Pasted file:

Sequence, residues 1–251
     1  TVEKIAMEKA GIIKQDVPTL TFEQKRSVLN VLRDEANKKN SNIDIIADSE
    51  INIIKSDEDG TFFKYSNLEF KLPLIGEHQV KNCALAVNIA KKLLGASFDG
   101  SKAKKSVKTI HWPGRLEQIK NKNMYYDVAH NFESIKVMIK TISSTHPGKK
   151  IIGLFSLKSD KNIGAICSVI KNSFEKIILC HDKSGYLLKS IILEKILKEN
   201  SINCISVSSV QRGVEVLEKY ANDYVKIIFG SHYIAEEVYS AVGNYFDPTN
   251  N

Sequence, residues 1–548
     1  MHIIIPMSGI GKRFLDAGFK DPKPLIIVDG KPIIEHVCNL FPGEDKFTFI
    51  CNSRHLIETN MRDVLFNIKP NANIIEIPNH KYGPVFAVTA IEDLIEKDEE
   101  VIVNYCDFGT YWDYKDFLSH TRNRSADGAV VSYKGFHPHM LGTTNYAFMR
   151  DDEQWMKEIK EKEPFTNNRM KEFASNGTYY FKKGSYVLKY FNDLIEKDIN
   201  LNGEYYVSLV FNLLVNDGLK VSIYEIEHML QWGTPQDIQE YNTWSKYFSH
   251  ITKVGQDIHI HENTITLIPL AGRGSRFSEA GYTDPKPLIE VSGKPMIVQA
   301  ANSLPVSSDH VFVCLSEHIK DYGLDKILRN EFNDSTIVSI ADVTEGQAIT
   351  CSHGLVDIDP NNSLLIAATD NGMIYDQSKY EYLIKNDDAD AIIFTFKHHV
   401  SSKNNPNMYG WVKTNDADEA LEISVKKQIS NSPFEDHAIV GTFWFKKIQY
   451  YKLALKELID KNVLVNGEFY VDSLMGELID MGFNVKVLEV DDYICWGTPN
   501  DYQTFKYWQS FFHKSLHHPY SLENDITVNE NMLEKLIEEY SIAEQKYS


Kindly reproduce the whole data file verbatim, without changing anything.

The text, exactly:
Sequence, residues 1–251
     1  TVEKIAMEKA GIIKQDVPTL TFEQKRSVLN VLRDEANKKN SNIDIIADSE
    51  INIIKSDEDG TFFKYSNLEF KLPLIGEHQV KNCALAVNIA KKLLGASFDG
   101  SKAKKSVKTI HWPGRLEQIK NKNMYYDVAH NFESIKVMIK TISSTHPGKK
   151  IIGLFSLKSD KNIGAICSVI KNSFEKIILC HDKSGYLLKS IILEKILKEN
   201  SINCISVSSV QRGVEVLEKY ANDYVKIIFG SHYIAEEVYS AVGNYFDPTN
   251  N

Sequence, residues 1–548
     1  MHIIIPMSGI GKRFLDAGFK DPKPLIIVDG KPIIEHVCNL FPGEDKFTFI
    51  CNSRHLIETN MRDVLFNIKP NANIIEIPNH KYGPVFAVTA IEDLIEKDEE
   101  VIVNYCDFGT YWDYKDFLSH TRNRSADGAV VSYKGFHPHM LGTTNYAFMR
   151  DDEQWMKEIK EKEPFTNNRM KEFASNGTYY FKKGSYVLKY FNDLIEKDIN
   201  LNGEYYVSLV FNLLVNDGLK VSIYEIEHML QWGTPQDIQE YNTWSKYFSH
   251  ITKVGQDIHI HENTITLIPL AGRGSRFSEA GYTDPKPLIE VSGKPMIVQA
   301  ANSLPVSSDH VFVCLSEHIK DYGLDKILRN EFNDSTIVSI ADVTEGQAIT
   351  CSHGLVDIDP NNSLLIAATD NGMIYDQSKY EYLIKNDDAD AIIFTFKHHV
   401  SSKNNPNMYG WVKTNDADEA LEISVKKQIS NSPFEDHAIV GTFWFKKIQY
   451  YKLALKELID KNVLVNGEFY VDSLMGELID MGFNVKVLEV DDYICWGTPN
   501  DYQTFKYWQS FFHKSLHHPY SLENDITVNE NMLEKLIEEY SIAEQKYS